Tuesday, September 16, 2014

Prospering in a Predicament

And Joseph was brought down to Egypt; and Potiphar, an officer of Pharaoh, captain of the guard, an Egyptian, bought him of the hands of the Ishmeelites, which had brought him down thither. And the Lord was with Joseph, and he was a prosperous man; and he was in the house of his master the Egyptian. And his master saw that the Lord was with him, and that the Lord made all that he did to prosper in his hand. And Joseph found grace in his sight, and he served him: and he made him overseer over his house, and all that he had he put into his hand. - Genesis 39:1-4

And Joseph's master took him, and put him into the prison, a place where the king's prisoners were bound: and he was there in the prison. But the Lord was with Joseph, and shewed him mercy, and gave him favour in the sight of the keeper of the prison. And the keeper of the prison committed to Joseph's hand all the prisoners that were in the prison; and whatsoever they did there, he was the doer of it. The keeper of the prison looked not to any thing that was under his hand; because the Lord was with him, and that which he did, the Lord made it to prosper. - Genesis 39:20-23

I believe we are all familiar with the story of Joseph, from the time his brothers sold him into slavery to the time he became ruler, second only to Pharaoh, in all of Egypt. It wasn't until recently, however, that I discovered a little golden nugget hidden within this familiar story. If you notice, both within Potiphar's house and also while imprisoned, Joseph prospered in all that he did.

As I thought about this truth, I came up with the phrase, "Prospering in a Predicament." You see, yes, Joseph was prospering; however, he still found himself in one predicament after another. We often have it in our minds that prospering means a lack of trouble or an ease of life, but according to the Scriptures, that is not the case. For example, if Joseph had had a choice, I'm sure he would have chosen an existence outside of slavery or imprisonment. But we know, from the outcome of his story, that such an existence would have been outside of God's will for his life.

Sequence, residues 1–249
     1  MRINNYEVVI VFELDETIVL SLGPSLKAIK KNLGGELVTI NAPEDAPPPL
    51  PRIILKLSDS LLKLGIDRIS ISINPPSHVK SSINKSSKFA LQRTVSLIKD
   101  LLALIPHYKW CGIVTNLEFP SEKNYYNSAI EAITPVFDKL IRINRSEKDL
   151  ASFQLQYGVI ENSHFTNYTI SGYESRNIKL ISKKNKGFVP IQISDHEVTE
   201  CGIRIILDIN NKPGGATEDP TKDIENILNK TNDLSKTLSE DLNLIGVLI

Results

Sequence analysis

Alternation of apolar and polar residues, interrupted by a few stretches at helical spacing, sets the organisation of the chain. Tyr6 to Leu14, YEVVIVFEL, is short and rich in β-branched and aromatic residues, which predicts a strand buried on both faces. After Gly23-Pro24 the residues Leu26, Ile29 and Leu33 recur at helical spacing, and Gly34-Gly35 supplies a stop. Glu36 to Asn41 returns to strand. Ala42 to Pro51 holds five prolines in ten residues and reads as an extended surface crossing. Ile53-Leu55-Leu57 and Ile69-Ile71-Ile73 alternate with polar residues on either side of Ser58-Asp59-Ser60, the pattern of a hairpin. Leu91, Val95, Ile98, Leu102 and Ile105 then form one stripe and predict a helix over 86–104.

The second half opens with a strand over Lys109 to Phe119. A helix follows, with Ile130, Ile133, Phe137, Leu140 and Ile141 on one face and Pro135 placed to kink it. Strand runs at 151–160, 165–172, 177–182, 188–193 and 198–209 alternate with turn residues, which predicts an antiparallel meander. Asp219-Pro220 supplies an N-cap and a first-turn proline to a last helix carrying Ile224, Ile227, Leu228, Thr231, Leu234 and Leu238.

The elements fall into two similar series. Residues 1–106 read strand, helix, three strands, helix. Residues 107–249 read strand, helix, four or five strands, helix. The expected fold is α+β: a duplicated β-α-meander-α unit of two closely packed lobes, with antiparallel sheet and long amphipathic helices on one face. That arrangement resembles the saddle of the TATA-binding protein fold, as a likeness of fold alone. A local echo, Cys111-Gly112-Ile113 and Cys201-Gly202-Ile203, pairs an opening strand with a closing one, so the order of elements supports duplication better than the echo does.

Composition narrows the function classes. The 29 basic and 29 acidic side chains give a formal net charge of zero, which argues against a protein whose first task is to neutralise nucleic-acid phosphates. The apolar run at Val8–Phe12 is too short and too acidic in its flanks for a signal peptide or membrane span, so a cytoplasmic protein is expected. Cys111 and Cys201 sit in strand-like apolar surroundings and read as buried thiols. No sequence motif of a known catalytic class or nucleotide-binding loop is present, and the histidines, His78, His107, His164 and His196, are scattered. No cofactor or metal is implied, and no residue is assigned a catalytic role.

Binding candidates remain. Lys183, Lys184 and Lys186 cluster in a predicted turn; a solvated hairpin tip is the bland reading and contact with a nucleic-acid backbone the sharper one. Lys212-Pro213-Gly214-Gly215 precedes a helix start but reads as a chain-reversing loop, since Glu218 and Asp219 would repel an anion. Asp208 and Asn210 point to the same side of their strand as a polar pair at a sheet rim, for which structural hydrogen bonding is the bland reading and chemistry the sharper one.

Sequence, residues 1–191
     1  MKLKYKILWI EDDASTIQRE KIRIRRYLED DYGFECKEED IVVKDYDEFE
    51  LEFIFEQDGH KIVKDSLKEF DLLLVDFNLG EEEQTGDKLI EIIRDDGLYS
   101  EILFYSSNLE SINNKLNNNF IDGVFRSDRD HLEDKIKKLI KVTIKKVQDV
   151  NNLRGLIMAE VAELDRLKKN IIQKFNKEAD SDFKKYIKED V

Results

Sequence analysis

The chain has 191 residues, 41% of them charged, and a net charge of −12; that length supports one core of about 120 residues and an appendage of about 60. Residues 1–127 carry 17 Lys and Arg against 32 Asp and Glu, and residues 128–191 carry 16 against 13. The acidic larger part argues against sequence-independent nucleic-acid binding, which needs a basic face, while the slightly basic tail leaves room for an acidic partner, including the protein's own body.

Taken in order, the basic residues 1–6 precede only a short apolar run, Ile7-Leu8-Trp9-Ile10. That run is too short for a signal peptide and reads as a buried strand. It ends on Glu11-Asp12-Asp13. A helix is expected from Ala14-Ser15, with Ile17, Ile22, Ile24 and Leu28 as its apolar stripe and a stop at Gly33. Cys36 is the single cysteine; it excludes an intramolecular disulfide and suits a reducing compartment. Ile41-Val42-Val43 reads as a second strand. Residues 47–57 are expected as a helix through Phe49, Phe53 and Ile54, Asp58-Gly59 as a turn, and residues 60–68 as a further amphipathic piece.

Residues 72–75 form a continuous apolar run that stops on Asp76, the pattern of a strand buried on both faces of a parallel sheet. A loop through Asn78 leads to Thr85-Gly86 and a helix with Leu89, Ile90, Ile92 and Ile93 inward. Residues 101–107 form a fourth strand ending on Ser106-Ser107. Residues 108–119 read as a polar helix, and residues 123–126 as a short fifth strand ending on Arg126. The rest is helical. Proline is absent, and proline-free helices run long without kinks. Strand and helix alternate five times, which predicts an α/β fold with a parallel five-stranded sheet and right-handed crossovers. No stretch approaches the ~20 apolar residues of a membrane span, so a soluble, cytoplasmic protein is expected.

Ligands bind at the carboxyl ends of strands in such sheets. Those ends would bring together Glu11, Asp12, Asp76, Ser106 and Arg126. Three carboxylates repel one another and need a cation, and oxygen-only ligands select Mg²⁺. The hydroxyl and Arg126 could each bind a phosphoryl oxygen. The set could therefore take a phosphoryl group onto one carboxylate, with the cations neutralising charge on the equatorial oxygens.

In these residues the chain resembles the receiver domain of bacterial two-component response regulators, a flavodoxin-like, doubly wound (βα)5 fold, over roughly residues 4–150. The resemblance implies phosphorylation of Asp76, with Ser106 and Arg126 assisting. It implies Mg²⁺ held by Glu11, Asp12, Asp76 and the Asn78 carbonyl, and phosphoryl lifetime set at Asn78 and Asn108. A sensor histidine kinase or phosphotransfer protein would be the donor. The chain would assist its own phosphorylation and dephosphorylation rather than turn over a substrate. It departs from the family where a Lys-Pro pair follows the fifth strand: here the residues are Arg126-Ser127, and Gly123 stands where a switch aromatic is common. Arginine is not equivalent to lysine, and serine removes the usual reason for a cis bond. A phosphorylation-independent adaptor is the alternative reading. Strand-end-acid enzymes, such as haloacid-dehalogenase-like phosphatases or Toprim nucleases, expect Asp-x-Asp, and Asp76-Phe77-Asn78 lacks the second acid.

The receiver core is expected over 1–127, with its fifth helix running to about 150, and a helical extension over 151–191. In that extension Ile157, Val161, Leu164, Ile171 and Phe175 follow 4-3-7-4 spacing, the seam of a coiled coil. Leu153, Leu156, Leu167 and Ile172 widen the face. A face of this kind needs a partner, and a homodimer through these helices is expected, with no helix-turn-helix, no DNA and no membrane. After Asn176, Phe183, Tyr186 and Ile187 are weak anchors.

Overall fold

Let's face it, sometimes it seems as if life hands us a basket full of lemons. It's as if no matter how hard we try to do God's will, we can't seem to prosper in anything. But the truth is, if we really are living out God's plan for our lives, He will see that we prosper, even in the midst of our predicaments. We must simply understand that we may not prosper in the way we expect. Chances are, in fact, that if we will allow God to have his perfect will in our lives, our prosperity will be above and beyond anything we could possibly comprehend.

Are you struggling today? Do you find yourself a slave to time or imprisoned by financial bonds? Are you overwhelmed by the tasks before you and feeling ready to give in? If so, take comfort in this lesson from Joseph. Do your part by following the Lord's will, and leave the results up to Him. He knows where you are, and He knows what you need. Trust Him to bring about your prosperity.

Monday, September 15, 2014

Missing Out on Miracles

Have you ever noticed the many similarities between the Bible characters, Joseph and Daniel?  Both were men of integrity and perseverance.  Both were tried for their faith.  Both became slaves.  Both men found themselves in a pit and then a palace.  And both had the gift of interpreting dreams.  I never really noticed how much these men had in common until recently when I was studying about Joseph for my Sunday School class and reading in Daniel for my daily devotions.

Interestingly enough, I found another similarity that is easy to overlook yet holds such a powerful lesson for us.  Check out these verses below:

 And Joseph came in unto them in the morning, and looked upon them, and, behold, they were sad. And he asked Pharaoh's officers that were with him in the ward of his lord's house, saying, Wherefore look ye so sadly to day? And they said unto him, We have dreamed a dream, and there is no interpreter of it. And Joseph said unto them, Do not interpretations belong to God? tell me them, I pray you. - Genesis 40:6-8

The king answered and said to the Chaldeans, The thing is gone from me: if ye will not make known unto me the dream, with the interpretation thereof, ye shall be cut in pieces, and your houses shall be made a dunghill. . .
The Chaldeans answered before the king, and said, There is not a man upon the earth that can shew the king's matter: therefore there is no king, lord, nor ruler, that asked such things at any magician, or astrologer, or Chaldean. - Daniel 2:5-10

On both accounts, there was a dream and a desire for an interpretation of that dream.  And at the same time, we see a common viewpoint from some of the key characters--"It's impossible.  Nobody can do that!"  The butler, the baker and the Chaldeans all agreed that the task before them was an impossible one.  But if we continue reading each passage, we'll see that that's certainly not the case.  God allowed both Joseph and Daniel to interpret dreams on more than one occasion.

So, what's the lesson for us?  Simply this.  Just because we can't see how something will work doesn't mean that it won't.  Because something seems impossible doesn't mean it is.  Simply because it appears that there's no hope doesn't mean that there isn't.  And just because we don't know the answer doesn't mean that there isn't one.